At the present time, experimental data indicates that the lactic acid embodiment of the present invention would be useful as a birth control method in approximately 80% of the human female population. Since this method utilizes naturally occurring secretions which, if desired, may be tested after being removed from the body, its use entails no adverse physiological side effects. This 80% figure represents a very substantial advance over the old rhythm method and compares favorably to the statistics for other popular methods, many of which are likely to produce undesirable side effects.
In a second preferred embodiment, acetic acid is monitored for the purpose of determining and diagnosing the occurrence of ovulation. A first increase in concentration of acetic acid appears at or just after the time of ovulation, and a second increase occurs during the luteal phase. Applicants have found that the cyclical nature of acetic acid concentrations would be expected to appear in at least 80% of all menstrual cycles. Since concentration maxima do not occur prior to the time of ovulation, this preferred embodiment is particularly useful for diagnosing the time of ovulation, and may be coupled with the lactic acid embodiment discussed above to provide confirmation of the occurrence of ovulation.
The statistical reliability of the present invention may further be improved by determining in advance whether its use is practical for a given woman. This can be accomplished by coupling the use of the indicating means of the present invention with one of the known methods of predicting ovulation, thereby standardizing the use of the present invention for a given female's individual body chemistry.
In the preferred embodiments of the present invention, the indicator means may consist of various compounds which are impregnated in a suitable binder or carrier such as a strip of filter paper, a feminine tampon, or any other chemically inert binder which may be brought into contact with vaginal secretions to produce a desired indication, such as a color change. It is anticipated that these chemically impregnated biners be standardized for color so that a woman may accurately determine the concentration of the volatile organic compound to be detected. In the case of lactic acid detection, for example, this binder would be impregnated with chemicals which produce a bright yellow color when exposed to lactic acid, the intensity of that color varying in accordance with the concentration of lactic acid present. Alternatively, gas chromatographic indicator means may be employed.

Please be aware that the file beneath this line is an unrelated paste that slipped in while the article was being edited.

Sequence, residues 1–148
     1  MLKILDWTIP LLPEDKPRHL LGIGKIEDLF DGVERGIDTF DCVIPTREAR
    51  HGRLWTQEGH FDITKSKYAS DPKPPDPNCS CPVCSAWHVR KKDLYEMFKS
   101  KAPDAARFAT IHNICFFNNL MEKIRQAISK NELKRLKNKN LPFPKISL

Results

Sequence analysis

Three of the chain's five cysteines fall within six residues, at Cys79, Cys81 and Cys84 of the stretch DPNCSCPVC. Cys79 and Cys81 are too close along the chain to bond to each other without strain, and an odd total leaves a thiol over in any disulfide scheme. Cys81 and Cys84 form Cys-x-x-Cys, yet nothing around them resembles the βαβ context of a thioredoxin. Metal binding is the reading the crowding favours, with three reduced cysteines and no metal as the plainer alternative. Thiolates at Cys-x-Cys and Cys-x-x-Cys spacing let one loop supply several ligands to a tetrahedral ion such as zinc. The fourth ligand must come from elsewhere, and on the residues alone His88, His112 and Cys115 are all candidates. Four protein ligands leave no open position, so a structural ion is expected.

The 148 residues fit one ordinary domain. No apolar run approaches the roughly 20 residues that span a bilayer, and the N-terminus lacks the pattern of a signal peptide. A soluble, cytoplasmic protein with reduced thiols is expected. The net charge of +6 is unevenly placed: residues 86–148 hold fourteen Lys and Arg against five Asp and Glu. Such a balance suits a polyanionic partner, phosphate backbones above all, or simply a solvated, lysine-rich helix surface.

Thus, it can be seen that one object of the present invention is to provide a method of reliably diagnosing ovulation in a female mammal. A second object of the present invention is the prediction of the fertile period of a female mammal. A further object of the present invention is the provision of a simple "home-test" method for diagnosing ovulation. Another object of the present invention is the provision of a simple home-test method for predicting the fertile period. One aim of the present invention is the provision of indicator means for qualtatively and quantitatively responding to the concentration of at least one volatile organic compound commonly occurring in the vaginal secretions of female mammals. Another aim of the present invention is to provide a chemically inert binder which is impregnated with chemical means for producing a color change in response to certain given conditions. These and other objects of the present invention will become apparent from the description of the preferred embodiments which appear herein.
FIG. 1 is a graph showing the theoretical values of basal body temperature, progesterone, lutenizing hormone, estrogens, lactic acid, and acetic acid over the course of one menstrual cycle;
FIG. 2 is a graph of the experimental data for basal body temperaure lutenizing hormone, progesterone, estrogens, and lactic acid as determined for a first cycle of a first subject;
FIG. 3 is a graph of the expermimental data for basal body temperature, lutenizing hormone, progesterone, estrogens, and lactic acid as determined for a second cycle of the first subject;